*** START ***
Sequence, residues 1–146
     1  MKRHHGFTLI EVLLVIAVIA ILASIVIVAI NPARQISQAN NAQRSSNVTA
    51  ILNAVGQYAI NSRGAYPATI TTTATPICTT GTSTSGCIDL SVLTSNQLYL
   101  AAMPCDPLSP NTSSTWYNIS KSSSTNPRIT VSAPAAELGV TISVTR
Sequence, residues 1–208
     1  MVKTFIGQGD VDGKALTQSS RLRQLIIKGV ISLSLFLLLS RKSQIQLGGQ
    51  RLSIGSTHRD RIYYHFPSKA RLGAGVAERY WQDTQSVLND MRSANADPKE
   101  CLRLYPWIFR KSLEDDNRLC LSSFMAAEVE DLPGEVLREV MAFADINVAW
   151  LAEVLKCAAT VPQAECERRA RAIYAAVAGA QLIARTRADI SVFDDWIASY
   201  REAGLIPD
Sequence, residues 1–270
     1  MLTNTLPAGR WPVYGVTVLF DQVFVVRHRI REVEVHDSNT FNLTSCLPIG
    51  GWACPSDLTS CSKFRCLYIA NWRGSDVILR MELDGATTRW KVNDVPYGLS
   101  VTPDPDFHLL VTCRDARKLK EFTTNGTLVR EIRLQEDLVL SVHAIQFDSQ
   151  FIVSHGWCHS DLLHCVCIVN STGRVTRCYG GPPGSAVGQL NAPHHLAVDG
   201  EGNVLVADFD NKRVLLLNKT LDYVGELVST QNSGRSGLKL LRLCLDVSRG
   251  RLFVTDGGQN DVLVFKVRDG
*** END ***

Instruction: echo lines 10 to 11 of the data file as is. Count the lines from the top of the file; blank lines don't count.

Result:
   201  REAGLIPD
Sequence, residues 1–270